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Sage advice

EYE ON ENGLAND | Bappi Lahiri's song for the Queen, Boris Johnson's appeal in Russian, Rishi Sunak and Partygate scandal
An illustration from The Bhagavad Gita.
An illustration from The Bhagavad Gita.
Wikimedia Commons

Amit Roy   |   Published 05.03.22, 01:03 AM

  •  As the Russian president, Vladimir Putin, unleashed a brutal war against Ukraine, the Vaishnava Hindu theologian, Akhandadhi Das, cited the discourse between Krishna and Arjun and urged Boris Johnson and other NATO leaders to look to the Bhagavad Gita for wisdom. Das — formerly Martin Fleming from Belfast — was speaking on the “Thought for the Day” slot on BBC Radio 4’s Today programme.

 
“Although dating back several thousand years the context in which Hinduism’s Bhagavad Gita was first spoken, is strikingly similar,” Das told listeners. “Set on a battlefield there, we find the military leader Arjun distraught, seeing the opposition so determined for war, with no regard for the inevitable loss of life and destruction of society. Arjun’s heart is shattered, for he can discern no clear way forward,” Das continued. “He turns to his friend and mentor Krishna, who explains, ‘This is not the state of mind in which to make decisions or respond to such crisis.’ Krishna offers an analysis of a dictator’s mindset, arising from their pride and ego. Just as his opponent may be irrationally driven by fears and ambitions, so Arjun’s preoccupation with its own emotions might also cause him to respond feebly, or with even worse consequences. Krishna coaches Arjun, not just to return to his previous mental fortitude, but to adopt higher characteristics of wisdom.”


Das concluded: “The ramifications of President Putin’s action will ripple throughout Europe... NATO countries face enormous challenges in responding to this crisis. So I pray that their decisions may not compound the irrationality.” In other words, should the west impose a no fly zone over Ukraine — and risk escalating the conflict with Putin? Or take no further action, and thereby encourage a greater war?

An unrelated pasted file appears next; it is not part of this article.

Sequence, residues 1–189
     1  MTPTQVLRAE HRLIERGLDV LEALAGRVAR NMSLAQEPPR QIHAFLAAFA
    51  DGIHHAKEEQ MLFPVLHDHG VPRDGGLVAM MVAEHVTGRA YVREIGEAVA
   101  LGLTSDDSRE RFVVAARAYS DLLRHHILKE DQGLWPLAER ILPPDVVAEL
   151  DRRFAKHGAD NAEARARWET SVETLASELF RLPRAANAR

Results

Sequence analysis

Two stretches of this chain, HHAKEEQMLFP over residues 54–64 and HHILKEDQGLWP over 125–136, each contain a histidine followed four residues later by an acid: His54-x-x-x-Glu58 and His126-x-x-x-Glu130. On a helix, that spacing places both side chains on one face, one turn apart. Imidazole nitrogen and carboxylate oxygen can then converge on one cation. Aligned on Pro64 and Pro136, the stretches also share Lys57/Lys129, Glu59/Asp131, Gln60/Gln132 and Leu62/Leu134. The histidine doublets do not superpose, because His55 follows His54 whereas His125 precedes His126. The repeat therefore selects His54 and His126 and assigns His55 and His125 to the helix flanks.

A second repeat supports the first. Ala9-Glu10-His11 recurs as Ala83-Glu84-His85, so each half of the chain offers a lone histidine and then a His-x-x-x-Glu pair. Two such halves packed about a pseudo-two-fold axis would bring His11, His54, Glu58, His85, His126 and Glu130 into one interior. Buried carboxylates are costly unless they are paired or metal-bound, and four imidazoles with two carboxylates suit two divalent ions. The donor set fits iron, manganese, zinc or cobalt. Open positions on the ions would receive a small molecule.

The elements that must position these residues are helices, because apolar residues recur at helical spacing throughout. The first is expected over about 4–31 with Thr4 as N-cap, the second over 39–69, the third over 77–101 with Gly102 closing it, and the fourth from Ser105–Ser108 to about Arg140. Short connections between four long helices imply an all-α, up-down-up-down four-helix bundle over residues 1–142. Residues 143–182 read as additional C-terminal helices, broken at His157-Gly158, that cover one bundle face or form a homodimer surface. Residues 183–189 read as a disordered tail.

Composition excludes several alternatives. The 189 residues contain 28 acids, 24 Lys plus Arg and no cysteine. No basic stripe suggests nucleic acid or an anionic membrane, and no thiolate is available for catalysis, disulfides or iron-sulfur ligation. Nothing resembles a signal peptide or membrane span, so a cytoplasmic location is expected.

Royal mail

 

  •  With everything that is going on in Ukraine, I mustn’t forget the late Bappi Lahiri. In the summer of 2013, he called me, breathless with excitement, from the St James Court Hotel in London and offered me a “scoop”.

 

He had written and recorded a song, “Long Live Our Queen”, to mark the 60th anniversary of Elizabeth II’s coronation — and sent her a CD. At his hotel, Lahiri performed the song, which he had also offered to sing before the Queen, for me.


What surprised me was that he received a kind reply, written by Jennie Vine, the monarch’s deputy correspondence co-ordinator, on embossed Buckingham Palace notepaper: “The Queen has asked me to thank you for your letter... Your thoughtfulness in offering to perform your song personally for Her Majesty is very much appreciated, but I am afraid that it will not be possible to take up your very kind suggestion. I am to say, however, that The Queen has been greatly supported by the loyalty and affection she has been shown throughout her long reign, and I am to thank you for your good wishes which Her Majesty greatly appreciates.”


Potent words

 

  •  With Europe at war, I have gone back to my copy of Philip Knightley’s The First Casualty: From the Crimea to Vietnam — The War Correspondent as a Hero, Propagandist and Myth Maker. Poland, now very much on the frontline, was once part of my beat. “Where are you from?” a taxi driver at Warsaw airport asked me. “India,” I said. “In that case,” he shook his head, “you won’t tell the truth about Russia.” Today, social media is very much part of the propaganda war. While Vladimir Putin issued a clumsy call, urging Ukrainian soldiers to overthrow their government, Boris Johnson has been more sophisticated. The British prime minister posted a video, telling the people of Russia in their language: “I do not believe this war is in your name.” 

 

Johnson’s Russian seemed pretty fluent. His words may also strike a chord. It was the ‘body bag count’ that ultimately forced the Soviet Union to withdraw from Afghanistan in 1989. It is estimated that 15,000 of its soldiers were killed, and 35,000 wounded in Afghanistan.

Mister Clean

 

  •  Those backing candidates other than the chancellor of the exchequer, Rishi Sunak, for PM are getting worried. They leaked a story that Sunak, who does not drink, has received a questionnaire from the police quizzing him about a party with the PM held in the cabinet room at 10, Downing Street on June 19, 2020. No one seriously expects Sunak to be fined — he has a clean image — but this is the first time the chancellor has been drawn into the Partygate scandal.


The Daily Telegraph reported: “Tory MPs have said that if Mr Johnson is found to have broken the rules set by his own Government, he should resign. The same may apply to Mr Sunak, damaging his chances in any future Conservative leadership race. The Chancellor is considered one of the two frontrunners to replace Mr Johnson, alongside Liz Truss, the Foreign Secretary.”

Footnote

 

  •  Russian oligarchs such as the Chelsea Football Club owner, Roman Abramovich, are currently under the cosh. But in London, an exception may be made for the peer, Evgeny Alexandrovich Lebedev, who owns the Evening Standard and The Independent — and backs the Tories.

He had a pet wolf called Boris, named after the former Russian president, Boris Yeltsin. Evgeny’s father, Alexander Lebedev, was once a KGB officer.



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